is advancing its nuclear program and increasing illicit trade in new and more opaque ways, according to a 267-page U.N. report that provides surveillance photos and new evidence.
The annual report, produced by sanctions monitors called the “Panel of Experts,” is a product of the U.N. Security Council. The purpose of the report is to offer recommendations on how to hold North Korea accountable for skirting restrictions imposed by U.N. sanctions since 2006, that are designed to curtail the nation’s nuclear weapons program.
CBS Newsof the U.N. report in February — but the final report, which CBS News has now obtained, is set to be published next week.
Nuclear program and ballistic missiles
The report claims North Korea has not halted “its illicit nuclear and ballistic missile programs, which it continued to enhance, in violation of Security Council resolutions,” and that “it continued to develop infrastructure and capacity for its missile program.”
Two missile engine tests on December 7 and 13, 2019, may have been “aimed at qualifying new intercontinental ballistic missile engines (liquid propellant) or checking existing engine batches (possibly solid propellant),” according to the report. But either way, the report concludes, they “point to a new phase in the ballistic missile program.”
Although North Korea has dodged sanctions for many years, the report says, the government of Kim Jong Un has “continued to flout Security Council resolutions through illicit maritime exports of commodities, notably coal and sand,” in order to “provide a revenue stream that has historically contributed to the country’s nuclear and ballistic missile programs.”
For the components of and technology for its missile program, North Korea uses “illicit external procurement,” some of which is documented by U.S.-provided imagery, data and calculations, the report adds.
Illicit imports of petroleum and exports of coal
Detailed satellite imagery, invoices, and maps obtained by the report authors that North Korea illicitly imported refined petroleum products “through ship-to-ship transfers and through direct deliveries by foreign-flagged vessels,” according to the report.
The report says that the annual cap for 2019, set by the U.N., for the purchase of 500,000 barrels of refined petroleum products “was exceeded many times over.”
The report also describes vessels carrying illicit coal shipments anchored in Chinese waters, near the Ningbo-Zhoushan and Lianyungang port areas. But it assigns no blame to China, which denies allowing violations of the sanctions. All coal exports have been prohibited by U.N. sanctions since 2017.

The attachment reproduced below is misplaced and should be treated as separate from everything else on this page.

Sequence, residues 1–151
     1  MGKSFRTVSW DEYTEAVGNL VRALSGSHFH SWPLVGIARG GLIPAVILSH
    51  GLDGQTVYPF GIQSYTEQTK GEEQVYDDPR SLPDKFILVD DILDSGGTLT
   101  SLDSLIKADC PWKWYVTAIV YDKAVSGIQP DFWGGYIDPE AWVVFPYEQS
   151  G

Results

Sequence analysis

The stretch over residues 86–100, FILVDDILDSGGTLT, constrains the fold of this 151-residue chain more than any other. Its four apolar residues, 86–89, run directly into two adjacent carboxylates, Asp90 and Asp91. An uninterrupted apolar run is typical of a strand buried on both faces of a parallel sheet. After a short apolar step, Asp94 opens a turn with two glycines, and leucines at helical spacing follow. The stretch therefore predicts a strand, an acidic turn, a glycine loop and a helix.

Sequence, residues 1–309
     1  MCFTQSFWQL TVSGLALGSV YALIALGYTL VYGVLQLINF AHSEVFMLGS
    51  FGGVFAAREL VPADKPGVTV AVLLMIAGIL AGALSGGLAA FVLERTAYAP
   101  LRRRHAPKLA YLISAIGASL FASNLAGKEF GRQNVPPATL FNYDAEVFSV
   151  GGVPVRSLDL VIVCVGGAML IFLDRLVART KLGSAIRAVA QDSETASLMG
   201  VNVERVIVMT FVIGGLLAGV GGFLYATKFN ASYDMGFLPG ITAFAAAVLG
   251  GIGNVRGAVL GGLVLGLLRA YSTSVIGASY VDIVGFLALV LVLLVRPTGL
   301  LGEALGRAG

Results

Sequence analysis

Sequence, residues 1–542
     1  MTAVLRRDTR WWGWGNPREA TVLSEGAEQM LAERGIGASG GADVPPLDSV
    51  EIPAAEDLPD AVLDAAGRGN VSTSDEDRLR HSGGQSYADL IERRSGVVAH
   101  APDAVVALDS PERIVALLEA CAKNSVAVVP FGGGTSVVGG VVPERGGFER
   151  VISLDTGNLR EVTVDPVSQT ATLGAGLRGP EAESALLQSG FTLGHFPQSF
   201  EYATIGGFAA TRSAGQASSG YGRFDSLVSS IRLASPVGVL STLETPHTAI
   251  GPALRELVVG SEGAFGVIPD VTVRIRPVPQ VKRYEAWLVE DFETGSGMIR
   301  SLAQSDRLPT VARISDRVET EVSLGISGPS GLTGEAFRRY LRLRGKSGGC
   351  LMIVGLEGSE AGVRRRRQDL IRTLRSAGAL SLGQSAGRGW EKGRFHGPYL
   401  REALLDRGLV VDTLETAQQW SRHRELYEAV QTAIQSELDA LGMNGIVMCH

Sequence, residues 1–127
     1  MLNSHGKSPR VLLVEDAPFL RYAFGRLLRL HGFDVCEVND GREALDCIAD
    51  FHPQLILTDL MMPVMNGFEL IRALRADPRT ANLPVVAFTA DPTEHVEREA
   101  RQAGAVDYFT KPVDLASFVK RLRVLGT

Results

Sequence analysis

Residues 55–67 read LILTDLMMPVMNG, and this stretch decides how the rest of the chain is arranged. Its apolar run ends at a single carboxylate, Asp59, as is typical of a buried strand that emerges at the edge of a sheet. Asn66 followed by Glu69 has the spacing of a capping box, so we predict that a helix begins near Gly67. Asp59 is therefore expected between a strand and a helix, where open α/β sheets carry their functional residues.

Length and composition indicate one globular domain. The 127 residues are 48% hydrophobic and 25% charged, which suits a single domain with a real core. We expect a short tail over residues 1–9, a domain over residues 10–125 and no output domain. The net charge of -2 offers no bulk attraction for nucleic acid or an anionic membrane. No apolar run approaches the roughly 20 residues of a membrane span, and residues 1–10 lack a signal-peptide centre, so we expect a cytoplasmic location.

The rationale for the deliveries to these ports, the report says, rather than ports previously used in the Gulf of Tonkin, “has the advantage for the Democratic People’s Republic of Korea of making deliveries more cost-effective, and likely contributes to reducing the country’s vessels’ exposure to scrutiny.”
The nation’s new methods are opaque and specifically designed to hide the illicit activities, according to the report. North Korea, and individuals acting on its behalf, “continue to advance, adapt and develop their evasion techniques to avoid the detection, identification and monitoring of activities prohibited by the resolutions,” the report says.
Cited is “a relatively new practice” that involves vessels that want to “avoid tracking by moving into the territorial waters of Member States, knowing that they cannot be followed.”
North Korea increased its illicit exports of coal in 2019, according to the report. Between January and August, it exported 3.7 million tons of coal, valued at $370 million. But between May and August, the increase in volume “was about 191 per cent compared to the first four months of the year,” the report says.
“The increase in the number of such activities around the affected port areas heightens the need for due diligence and countermeasures by the relevant authorities regarding prohibited cargoes exported from ports of the Democratic People’s Republic of Korea,” the report adds.